After Cooper Dawson turned around one struggling St. Petersburg school, she was asked to do it again. The sixth-year principal embraced the challenge.
She spent five years boosting scores at Seventy-Fourth Street Elementary School and faces a similar task at F-rated Fairmount Park Elementary School.
It takes time, Dawson said, to put a school on a path to success — more time, perhaps, than newly approved Florida legislation will allow. While the attention and headlines have been on teachers, the bill signed this week by Gov. Rick Scott also changes principal evaluations and contracts.
Some fear that the tough new approach — ratings based on student and teacher performance and the ability to recruit and retain effective teachers — might deter some principals from taking on a struggling school.
"We are a little leery, especially somebody like me who was moved from a school that was successful to a school that hasn't been," Dawson said.
Still, Dawson said, the move toward increased accountability for principals makes sense, as long as additional factors they deal with daily are taken into consideration. After all, she said, tough schools can make great gains with children but still not get them to grade level.
"Student growth, student accountability needs to be part of all our evaluations," Dawson said. "If we are not effective, it's not working for kids."
Many principals share Dawson's mixed view of the pending law. They didn't protest as lawmakers debated the measure.
That did not mean they had no concerns about the provisions.
Principal Teresa Anderson, who has led Azalea Middle in St. Petersburg for eight years, noted that her C-rated school sometimes seems like a training ground for young teachers. They take a job at Azalea, where students' attention to school often is second to problems at home. They get training, perform well, and leave for schools with fewer issues, Anderson said.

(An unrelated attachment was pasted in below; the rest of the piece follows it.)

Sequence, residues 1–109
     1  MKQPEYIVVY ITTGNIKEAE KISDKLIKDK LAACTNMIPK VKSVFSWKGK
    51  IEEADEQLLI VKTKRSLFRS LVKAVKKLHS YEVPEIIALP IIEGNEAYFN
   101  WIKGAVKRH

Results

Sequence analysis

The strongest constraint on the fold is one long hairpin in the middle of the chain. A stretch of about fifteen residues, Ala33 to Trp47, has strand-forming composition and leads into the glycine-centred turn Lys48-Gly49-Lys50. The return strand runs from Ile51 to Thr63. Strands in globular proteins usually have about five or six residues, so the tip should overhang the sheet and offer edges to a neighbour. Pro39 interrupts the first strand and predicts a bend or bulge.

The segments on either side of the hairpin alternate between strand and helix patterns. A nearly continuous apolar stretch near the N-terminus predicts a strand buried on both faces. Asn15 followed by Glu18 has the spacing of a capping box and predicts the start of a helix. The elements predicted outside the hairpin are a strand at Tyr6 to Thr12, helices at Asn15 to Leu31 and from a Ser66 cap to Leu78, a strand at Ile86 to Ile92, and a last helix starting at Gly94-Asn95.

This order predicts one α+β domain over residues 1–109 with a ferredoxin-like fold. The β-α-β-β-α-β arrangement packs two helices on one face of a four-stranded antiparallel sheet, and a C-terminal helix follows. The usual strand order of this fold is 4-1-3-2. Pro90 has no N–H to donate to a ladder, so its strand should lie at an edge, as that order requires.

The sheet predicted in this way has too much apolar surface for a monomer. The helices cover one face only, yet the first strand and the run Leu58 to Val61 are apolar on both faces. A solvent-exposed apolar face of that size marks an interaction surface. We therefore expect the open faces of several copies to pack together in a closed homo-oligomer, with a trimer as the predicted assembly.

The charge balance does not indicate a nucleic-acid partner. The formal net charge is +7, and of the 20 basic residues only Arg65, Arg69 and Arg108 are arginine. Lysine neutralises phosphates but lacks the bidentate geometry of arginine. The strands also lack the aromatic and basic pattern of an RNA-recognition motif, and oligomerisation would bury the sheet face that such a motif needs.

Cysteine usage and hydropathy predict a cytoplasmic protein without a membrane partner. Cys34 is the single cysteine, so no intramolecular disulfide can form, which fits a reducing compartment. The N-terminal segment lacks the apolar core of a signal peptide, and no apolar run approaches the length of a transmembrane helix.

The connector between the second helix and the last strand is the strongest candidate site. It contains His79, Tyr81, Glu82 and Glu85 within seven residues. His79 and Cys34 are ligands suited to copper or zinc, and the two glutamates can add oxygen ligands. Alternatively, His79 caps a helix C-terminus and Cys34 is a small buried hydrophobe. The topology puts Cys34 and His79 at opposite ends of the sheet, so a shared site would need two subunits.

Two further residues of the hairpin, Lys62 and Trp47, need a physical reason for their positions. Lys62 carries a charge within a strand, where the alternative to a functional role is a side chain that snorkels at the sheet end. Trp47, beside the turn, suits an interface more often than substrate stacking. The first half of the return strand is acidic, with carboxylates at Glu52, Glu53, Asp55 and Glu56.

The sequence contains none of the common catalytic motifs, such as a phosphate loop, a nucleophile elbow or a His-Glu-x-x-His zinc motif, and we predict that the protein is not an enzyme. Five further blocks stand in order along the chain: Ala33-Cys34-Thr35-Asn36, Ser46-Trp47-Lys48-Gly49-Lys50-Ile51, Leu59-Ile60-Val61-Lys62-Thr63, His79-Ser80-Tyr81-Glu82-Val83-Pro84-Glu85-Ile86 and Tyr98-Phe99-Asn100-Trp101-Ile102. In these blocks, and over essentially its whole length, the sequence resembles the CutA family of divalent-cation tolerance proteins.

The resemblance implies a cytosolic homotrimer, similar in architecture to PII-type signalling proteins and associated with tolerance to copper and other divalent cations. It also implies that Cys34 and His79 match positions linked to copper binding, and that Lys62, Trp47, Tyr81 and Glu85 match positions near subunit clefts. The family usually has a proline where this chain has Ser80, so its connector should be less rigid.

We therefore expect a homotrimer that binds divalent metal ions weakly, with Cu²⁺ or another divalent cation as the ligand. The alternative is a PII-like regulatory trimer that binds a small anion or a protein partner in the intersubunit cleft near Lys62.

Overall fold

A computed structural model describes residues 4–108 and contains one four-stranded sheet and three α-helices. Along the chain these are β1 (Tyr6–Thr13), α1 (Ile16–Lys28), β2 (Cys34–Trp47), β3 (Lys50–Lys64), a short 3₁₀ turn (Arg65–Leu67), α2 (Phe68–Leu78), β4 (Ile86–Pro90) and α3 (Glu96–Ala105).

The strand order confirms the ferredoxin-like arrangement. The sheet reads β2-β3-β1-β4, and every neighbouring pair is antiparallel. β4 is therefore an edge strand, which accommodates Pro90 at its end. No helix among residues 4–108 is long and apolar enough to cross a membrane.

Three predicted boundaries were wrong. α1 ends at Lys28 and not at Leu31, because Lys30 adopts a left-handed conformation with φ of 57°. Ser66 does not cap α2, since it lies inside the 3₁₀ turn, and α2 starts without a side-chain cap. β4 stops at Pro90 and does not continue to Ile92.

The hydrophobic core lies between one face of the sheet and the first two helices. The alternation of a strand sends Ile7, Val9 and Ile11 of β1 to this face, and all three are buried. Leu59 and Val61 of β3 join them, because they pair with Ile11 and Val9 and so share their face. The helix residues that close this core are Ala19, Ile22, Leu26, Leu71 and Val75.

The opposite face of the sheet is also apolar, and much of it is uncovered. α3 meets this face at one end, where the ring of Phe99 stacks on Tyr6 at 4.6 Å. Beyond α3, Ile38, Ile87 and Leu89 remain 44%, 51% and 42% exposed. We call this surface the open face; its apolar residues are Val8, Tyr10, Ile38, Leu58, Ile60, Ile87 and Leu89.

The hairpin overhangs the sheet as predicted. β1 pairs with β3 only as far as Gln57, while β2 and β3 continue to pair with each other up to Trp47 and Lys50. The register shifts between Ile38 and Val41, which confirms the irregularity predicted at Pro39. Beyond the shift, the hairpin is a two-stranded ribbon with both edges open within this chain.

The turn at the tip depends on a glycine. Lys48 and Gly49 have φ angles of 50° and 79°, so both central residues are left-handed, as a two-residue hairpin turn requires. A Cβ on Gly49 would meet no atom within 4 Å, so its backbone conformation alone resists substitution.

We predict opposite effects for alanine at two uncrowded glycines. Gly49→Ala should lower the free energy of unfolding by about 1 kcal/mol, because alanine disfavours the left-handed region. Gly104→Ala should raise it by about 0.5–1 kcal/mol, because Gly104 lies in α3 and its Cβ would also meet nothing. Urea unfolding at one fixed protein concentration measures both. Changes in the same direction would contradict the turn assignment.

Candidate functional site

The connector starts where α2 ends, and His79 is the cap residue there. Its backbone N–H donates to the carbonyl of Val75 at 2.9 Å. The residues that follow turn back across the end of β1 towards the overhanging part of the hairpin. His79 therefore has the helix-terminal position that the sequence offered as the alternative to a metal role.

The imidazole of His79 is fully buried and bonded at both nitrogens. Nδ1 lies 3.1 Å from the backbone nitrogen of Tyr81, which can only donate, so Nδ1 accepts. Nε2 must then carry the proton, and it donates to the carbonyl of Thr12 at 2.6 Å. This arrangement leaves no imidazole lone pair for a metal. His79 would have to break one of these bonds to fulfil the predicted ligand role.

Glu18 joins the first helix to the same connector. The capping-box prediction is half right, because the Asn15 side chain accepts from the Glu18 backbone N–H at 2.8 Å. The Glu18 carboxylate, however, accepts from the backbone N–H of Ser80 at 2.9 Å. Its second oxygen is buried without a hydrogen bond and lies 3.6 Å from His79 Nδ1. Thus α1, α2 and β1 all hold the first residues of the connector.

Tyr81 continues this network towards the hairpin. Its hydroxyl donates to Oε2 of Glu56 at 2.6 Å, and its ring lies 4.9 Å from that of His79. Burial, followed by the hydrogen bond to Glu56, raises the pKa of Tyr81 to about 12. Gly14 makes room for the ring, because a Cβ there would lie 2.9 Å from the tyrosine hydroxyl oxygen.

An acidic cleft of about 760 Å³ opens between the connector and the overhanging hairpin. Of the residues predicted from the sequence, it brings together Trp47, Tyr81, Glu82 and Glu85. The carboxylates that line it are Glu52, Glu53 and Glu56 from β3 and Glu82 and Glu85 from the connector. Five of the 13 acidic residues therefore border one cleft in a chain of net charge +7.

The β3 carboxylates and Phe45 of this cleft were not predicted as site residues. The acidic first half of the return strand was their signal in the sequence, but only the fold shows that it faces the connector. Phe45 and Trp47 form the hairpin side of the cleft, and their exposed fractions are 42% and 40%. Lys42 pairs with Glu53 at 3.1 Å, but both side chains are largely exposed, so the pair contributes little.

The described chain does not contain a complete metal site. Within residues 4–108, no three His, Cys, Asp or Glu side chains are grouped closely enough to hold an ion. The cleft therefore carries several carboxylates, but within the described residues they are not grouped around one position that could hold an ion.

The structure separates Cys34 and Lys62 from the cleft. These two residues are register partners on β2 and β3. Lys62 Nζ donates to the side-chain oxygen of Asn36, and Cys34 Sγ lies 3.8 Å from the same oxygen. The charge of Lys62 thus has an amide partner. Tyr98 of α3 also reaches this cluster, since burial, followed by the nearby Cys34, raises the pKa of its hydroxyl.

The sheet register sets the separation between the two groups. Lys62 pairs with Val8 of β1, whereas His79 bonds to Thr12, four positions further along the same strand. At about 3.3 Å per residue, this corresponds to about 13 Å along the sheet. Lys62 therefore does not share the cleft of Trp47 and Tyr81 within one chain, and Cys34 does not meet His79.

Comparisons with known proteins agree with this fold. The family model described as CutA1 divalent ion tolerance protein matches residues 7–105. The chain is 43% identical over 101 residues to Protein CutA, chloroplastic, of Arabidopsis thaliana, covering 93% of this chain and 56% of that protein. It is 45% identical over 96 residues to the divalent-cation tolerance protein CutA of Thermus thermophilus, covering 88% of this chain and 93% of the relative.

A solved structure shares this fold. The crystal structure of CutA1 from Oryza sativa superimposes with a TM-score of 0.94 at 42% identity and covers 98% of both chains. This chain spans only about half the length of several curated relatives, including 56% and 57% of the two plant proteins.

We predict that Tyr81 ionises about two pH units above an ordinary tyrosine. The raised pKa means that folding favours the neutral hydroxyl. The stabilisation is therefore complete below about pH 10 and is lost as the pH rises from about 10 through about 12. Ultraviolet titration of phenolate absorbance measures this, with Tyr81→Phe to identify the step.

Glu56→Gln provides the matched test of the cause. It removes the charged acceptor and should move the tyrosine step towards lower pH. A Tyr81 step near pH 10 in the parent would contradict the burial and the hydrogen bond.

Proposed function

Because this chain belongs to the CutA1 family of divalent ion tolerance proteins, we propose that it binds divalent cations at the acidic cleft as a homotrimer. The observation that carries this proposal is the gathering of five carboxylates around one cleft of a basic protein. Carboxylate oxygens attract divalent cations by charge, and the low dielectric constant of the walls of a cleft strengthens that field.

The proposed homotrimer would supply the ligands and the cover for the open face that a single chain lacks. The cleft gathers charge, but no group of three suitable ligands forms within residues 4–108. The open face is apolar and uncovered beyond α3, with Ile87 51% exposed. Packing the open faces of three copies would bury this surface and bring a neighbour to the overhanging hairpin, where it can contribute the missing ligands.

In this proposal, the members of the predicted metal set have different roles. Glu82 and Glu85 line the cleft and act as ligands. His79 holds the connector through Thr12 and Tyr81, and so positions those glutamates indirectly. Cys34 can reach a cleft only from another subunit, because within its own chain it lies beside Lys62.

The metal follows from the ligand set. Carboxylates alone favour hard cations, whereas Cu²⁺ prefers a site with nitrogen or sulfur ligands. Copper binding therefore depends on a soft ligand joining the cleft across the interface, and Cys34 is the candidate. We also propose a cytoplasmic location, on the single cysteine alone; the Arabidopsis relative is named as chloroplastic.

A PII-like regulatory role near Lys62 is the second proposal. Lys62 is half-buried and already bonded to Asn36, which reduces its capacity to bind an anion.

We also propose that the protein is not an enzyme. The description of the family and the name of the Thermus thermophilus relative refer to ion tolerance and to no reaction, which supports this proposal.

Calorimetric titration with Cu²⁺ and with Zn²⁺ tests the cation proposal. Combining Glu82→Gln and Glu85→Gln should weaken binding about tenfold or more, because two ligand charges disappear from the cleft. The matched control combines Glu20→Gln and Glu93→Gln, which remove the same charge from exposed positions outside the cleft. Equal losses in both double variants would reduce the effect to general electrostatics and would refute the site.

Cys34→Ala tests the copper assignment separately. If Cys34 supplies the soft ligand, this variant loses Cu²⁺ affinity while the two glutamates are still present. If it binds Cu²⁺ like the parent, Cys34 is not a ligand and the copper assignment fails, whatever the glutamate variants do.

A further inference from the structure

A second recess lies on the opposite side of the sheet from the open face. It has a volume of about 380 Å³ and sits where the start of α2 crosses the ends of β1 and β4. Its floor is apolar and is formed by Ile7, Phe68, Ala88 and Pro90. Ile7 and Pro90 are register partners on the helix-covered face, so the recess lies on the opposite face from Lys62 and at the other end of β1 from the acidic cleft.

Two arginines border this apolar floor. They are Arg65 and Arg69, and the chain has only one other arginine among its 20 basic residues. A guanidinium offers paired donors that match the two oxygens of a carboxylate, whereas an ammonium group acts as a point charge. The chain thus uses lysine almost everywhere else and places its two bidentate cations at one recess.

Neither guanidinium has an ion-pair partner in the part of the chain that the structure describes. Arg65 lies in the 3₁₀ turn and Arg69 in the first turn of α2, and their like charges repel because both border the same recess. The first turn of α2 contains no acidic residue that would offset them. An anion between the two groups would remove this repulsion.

If she can't keep the effective teachers, she might lose her job, too, despite her efforts.
Possible results like that have some principals wary. But they also recognize it comes with the job description.
Chris Fonteyn, first-year principal of F-rated Miles Elementary in Tampa, was told before taking the post that if he can't turn around Miles, he could lose his job.
"As it should be," he said. "If I can't move this school forward, you should find someone who can."
He said it's only logical that principals be judged on results, as students and teachers are. As long as the state looks at growth, not simple score targets, that's fair, he said.
"We have more room to grow," Fonteyn acknowledged, though he added it's often much harder to make gains at a high-poverty, high-needs school like his.
Kathy Hebda, Florida's deputy chancellor for educator quality, said the state Department of Education considers principals vital to a school's success. The creation of an evaluation system that takes into account everything they do is key to helping them identify strengths and weaknesses in their leadership and their schools, she said.
"We want to give people an honest opportunity for improvement," Hebda said.
Angie Stone, principal of Fivay High School in Hudson, said she's well aware of the changes coming. Pasco County, like many others, began crafting a new principal evaluation format months ago in advance of the bill.
Because principals already have annual contracts and many already see the state's school grade as a partial rating of their work, many principals aren't as upset as teachers are, Stone said. But even as evaluations should change, some attitudes toward education should change, too, said Stone, who is in her seventh year as a principal.
"I think that somewhere along the way, people have come up with the misguided idea that teachers and school administrators don't work," she said. "Not that there aren't bad teachers and bad administrators. But there are bad corporate people, too."
Jeffrey S. Solochek can be reached at email@example.com or (813) 909-4614. For more education news, visit the Gradebook at www.tampabay.com/blogs/gradebook.